The partnership offers students the chance to apply business acumen to the area of innovation at Peace House, while adhering to the Compass values. Eventually, students will create a business plan for a Center for Innovation and Job Creation, whose aim will be to create jobs and sustainable solutions to development issues throughout Africa.

Another example of such hands-on global fieldwork is the Daniels partnership with Deutsche Bank, a two-course sequence in which students work with DB managers to perform due diligence on loan requests from microfinance institutions (MFIs) all over the world. As part of the class, students travel to MFIs in developing countries. In 2009, the class will be on the ground with DB in Cambodia.

The Experiential Learning Perspective.

To foster innovation, leadership and teamwork, as part of the Leading at the Edge course, all Daniels MBA students spend three days in the mountains, working in small teams to solve a variety of problems in a challenging and unpredictable outdoor setting. But this isn’t your typical ropes course - students are taught to apply the principles embraced by the 10th Mountain Division, the first mountain ski force that was trained at Camp Hale, Colorado during World War II. Just as this unique environment required the men of the 10th Mountain Division to embrace creativity, mold strong teams and above all else, communicate, the aim of the Leading at the Edge weekend is to challenge students to be innovative and confident, increase self-awareness, adhere to their personal values and practice teamwork when leading - regardless of the circumstances.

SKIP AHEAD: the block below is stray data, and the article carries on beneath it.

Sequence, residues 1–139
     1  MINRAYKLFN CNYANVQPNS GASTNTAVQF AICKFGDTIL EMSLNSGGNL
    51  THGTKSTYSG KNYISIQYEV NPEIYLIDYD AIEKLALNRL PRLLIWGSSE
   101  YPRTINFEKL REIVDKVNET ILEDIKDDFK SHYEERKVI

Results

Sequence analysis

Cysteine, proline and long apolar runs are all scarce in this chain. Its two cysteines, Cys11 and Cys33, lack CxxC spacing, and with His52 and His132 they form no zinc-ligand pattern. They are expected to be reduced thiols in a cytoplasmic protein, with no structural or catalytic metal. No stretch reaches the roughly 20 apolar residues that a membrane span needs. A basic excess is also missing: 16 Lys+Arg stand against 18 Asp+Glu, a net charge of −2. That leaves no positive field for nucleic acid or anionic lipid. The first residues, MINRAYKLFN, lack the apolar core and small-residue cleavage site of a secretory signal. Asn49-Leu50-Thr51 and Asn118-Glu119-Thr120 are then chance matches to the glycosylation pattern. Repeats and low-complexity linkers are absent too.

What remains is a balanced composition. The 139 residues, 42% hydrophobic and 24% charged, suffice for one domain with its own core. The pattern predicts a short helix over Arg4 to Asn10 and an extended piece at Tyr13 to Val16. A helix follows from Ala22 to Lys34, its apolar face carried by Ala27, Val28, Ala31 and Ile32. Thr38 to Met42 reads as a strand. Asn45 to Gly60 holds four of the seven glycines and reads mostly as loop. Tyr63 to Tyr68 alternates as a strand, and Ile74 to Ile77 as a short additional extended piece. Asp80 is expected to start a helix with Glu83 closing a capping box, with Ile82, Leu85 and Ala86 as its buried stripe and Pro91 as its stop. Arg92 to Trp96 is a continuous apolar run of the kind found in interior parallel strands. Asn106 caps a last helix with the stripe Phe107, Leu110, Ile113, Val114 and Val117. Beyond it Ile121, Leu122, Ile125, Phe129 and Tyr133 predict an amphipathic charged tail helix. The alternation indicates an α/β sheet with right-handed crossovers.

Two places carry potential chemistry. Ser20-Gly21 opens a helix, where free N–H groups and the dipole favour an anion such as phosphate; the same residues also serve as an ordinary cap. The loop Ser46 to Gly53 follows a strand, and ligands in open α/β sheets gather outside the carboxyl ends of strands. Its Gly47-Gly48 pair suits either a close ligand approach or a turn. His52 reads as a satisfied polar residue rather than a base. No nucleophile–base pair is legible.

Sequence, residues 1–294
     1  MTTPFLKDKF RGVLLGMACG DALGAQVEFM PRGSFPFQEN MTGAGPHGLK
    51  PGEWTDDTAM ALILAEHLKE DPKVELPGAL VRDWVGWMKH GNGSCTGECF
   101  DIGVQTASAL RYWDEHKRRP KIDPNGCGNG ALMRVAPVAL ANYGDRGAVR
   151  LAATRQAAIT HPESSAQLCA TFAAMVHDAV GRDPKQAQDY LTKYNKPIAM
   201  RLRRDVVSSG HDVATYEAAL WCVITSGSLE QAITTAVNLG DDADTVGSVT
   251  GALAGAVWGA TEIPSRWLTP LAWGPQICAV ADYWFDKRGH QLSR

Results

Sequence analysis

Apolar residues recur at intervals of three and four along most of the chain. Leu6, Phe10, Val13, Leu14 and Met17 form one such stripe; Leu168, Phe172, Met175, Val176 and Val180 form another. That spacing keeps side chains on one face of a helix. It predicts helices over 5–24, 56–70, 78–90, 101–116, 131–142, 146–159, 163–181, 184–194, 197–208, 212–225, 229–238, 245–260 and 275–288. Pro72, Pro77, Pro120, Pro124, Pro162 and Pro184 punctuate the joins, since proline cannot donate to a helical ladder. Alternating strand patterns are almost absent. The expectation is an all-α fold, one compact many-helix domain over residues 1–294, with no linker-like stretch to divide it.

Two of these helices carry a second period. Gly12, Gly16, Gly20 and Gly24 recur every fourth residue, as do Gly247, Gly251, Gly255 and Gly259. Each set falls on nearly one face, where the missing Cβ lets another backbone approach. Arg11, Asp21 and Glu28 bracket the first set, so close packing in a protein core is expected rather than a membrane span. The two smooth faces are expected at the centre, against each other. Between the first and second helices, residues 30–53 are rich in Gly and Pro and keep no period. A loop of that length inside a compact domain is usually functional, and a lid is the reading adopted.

In the fall of 2008, Leading at the Edge students spent three days at The Nature Place, a conference facility and training center in Florissant, Colorado. Maria Mata, MBA student, calls the excursion a “wonderful experience for students.”

“Our trip to The Nature Place allowed us to gain a better understanding of ourselves, our personalities and how we each relate to others,” says Maria. “We received a practical, real-life demonstration of how people with various leadership styles interact with one another. The experience provided exciting opportunities to test our developing teamwork and leadership skills, and helped us understand the importance of developing positive interpersonal relationships.”

The Community Perspective.